• Overtime miscalculations: It’s easy to lose track of overtime hours with complex factors like shift differentials, bonus payments, or commission-based earnings are in play.

Related Read: Common Overtime Mistakes To Avoid 

  • Missed bonuses or raises: It’s easy to overlook bonuses or raises promised as part of employment terms or performance incentives.

Retro pay can rectify the above situations, ensuring that employees are fairly compensated. Mistakes can be forgiven if rectified promptly and help maintain transparency in the employer-employee relationship.

1. What’s the Difference Between Retro Pay and Back Pay?

Though we often use the words interchangeably, there are subtle differences between retroactive pay and back pay. Retroactive pay is a type of compensation provided when there’s a difference between what an employee should have been paid and what they were actually paid.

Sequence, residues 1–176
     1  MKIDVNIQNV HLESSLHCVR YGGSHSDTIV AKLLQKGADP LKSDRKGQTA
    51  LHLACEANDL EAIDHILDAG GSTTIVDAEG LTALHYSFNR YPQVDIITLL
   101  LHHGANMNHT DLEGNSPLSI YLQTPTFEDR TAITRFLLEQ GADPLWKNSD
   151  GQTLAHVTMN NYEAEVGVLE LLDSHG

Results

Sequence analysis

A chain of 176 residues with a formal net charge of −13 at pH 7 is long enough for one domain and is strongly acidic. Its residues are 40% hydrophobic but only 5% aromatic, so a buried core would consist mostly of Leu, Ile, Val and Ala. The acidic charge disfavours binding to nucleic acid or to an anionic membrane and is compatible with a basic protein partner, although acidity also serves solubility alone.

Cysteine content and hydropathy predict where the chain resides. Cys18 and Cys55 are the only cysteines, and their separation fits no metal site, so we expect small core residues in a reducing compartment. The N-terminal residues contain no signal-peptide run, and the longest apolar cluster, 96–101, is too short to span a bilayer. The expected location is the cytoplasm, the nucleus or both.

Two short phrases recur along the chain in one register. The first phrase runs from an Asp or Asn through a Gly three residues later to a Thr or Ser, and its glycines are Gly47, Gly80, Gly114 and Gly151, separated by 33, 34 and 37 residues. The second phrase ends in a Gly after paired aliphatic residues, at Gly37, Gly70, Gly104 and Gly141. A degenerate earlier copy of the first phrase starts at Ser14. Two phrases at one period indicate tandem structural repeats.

For example, if you give an employee a raise and it was supposed to start in January, but the new rate wasn’t applied until March, they would receive retro pay to make up the difference for January and February.

On the other hand, back pay is a type of compensation provided when an employee was not initially paid for work they should have been paid for.

For example, if your employee works overtime, but the overtime hours weren’t credited on the most recent pay run, they would receive back pay to rectify your oversight. Back pay also covers situations such as wage recovery after wrongful termination or in case of late payments due to administrative errors.

Related Read: Payroll Trends to Look Out For

2. How to Calculate Retroactive Pay

Retro pay calculations for hourly and salaried employees differ. Still, both focus on the difference between what was actually paid and what should have been paid based on hours worked, rates, and other compensation.